They write songs about Irishmen in New York, sad ballads or uplifting fantasies about bright-eyed boys following their fists, and in the middle of the blarney is the truth about fighters from Ireland in the city’s rings.
John Duddy was the king of the New York Irish, a boy from Derry whose uncle Jack was the first person killed on Bloody Sunday when he was shot in the chest in the courtyards of the Rossville Flats. Duddy started fighting for pay at Jimmy’s Bronx Cafe in 2003, had the looks and the attitude, and he could fight, make no mistake.
Duddy retired in 2011 after 31 fights, 29 wins, 18 bouts in New York and nine at Madison Square Garden. He has also worked recently with Robert De Niro on a film about Roberto Duran, the great Panamanian fighter, and in 2011 played a boxer in an off-Broadway play called Kid Shamrock, which was about the life and hard times of Bobby Cassidy.
This Saturday another Irishman fights in New York when Andy Lee, who was born on a Traveller site in east London but is from Limerick, defends his WBO middleweight title against Peter Quillin at the Barclays Center in Brooklyn.
Duddy retired when there was a substantial offer on the table to fight Lee in New York. “I had fallen out of love with the sport and just wanted to be at home with my wife and not in the gym, not in camp,” he said. Home was the Bronx then, but is Queens now, and after walking away from the sport Duddy took a “real” job delivering furniture.
“I guess that there was a lot of pressure on John at the time,” said Lee. “He had a terrific following in New York and he had to live up to a lot. All Irish fighters in America have to do the same.”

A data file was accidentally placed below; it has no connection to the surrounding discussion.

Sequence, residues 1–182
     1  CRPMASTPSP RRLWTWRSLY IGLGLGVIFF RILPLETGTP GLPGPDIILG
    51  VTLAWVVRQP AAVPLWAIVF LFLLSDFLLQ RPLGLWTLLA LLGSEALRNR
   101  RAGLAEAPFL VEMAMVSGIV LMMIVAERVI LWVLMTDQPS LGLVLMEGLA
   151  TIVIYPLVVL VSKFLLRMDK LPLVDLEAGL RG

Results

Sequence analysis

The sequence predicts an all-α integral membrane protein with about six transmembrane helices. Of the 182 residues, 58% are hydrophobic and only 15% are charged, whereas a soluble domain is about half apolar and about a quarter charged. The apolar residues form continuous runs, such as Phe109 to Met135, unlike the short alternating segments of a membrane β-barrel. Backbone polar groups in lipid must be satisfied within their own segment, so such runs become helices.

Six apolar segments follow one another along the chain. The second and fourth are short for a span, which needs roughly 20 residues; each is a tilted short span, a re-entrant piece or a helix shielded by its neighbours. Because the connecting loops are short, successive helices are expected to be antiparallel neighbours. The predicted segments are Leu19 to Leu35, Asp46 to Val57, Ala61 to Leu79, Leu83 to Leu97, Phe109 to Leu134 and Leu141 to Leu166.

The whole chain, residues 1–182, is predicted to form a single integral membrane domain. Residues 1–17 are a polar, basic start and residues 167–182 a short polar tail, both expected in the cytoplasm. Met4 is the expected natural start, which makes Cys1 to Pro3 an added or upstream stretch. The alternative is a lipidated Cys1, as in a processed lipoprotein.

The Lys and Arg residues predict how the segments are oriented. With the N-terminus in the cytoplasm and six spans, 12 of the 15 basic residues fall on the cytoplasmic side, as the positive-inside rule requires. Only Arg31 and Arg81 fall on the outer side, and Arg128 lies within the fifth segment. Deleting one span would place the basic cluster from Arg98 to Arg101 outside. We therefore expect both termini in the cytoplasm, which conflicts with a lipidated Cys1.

Lee turned professional in America after linking up with Manny Steward at the Kronk Gym in Detroit in 2006, and so far 23 of his 36 fights have taken place in the States. “Trust me, it’s not enough to just be from Belfast or Dublin – you have to be able to fight and the Irish fans in America want to see you fight,” added Lee. “The fighting can be the easy part; living and training in Detroit at the Kronk was the hard part.”
Lee had it hard, surviving an armed car-jacking on one occasion, but 20 years earlier Dublin’s Steve Collins walked into a slum with nothing but his fists as protection. Collins left Dublin with his young wife and family to train in Brockton, which is about 25 miles from Boston, with the Petronelli brothers, Goody and Pasquale, at their fighting outpost. Collins trained alongside Marvin Hagler but lived in a tenement.
“I had known some bad places, but we lived in an absolute hole,” he remembered. “It was what I had to do – junkies, dealers, police sirens and crazy people. I just had to get on with it.” Collins eventually returned to Ireland for stunning world title fights in Dublin and Cork.
“I was out before Steve [Collins] and I loved it,” said Big Joe Egan. “I boxed for the Irish national side twice in Atlantic City at the Tropicana and Sands, and then I made my way to Gleasons in New York. It was 1983 and 1984, exciting times.”
Big Joe lost on points to Lennox Lewis as an amateur but it is his friendship with a teenage Mike Tyson that is the thing of Irish boxing legend. Tyson called Egan “the toughest white man on the planet”, both a handy title for his autobiography and a fair description of a man who once seemed to bounce from outrageous incident to dangerous skirmish, dodging bullets, axes and machetes with ease before finding a living in the movie business.
“Andy Lee is following a lot of us,” said Egan. “The Fighting Irish in New York, there is no better place to fight. They write songs about us, you know that?”
Yes, Joe, I do.Reuse content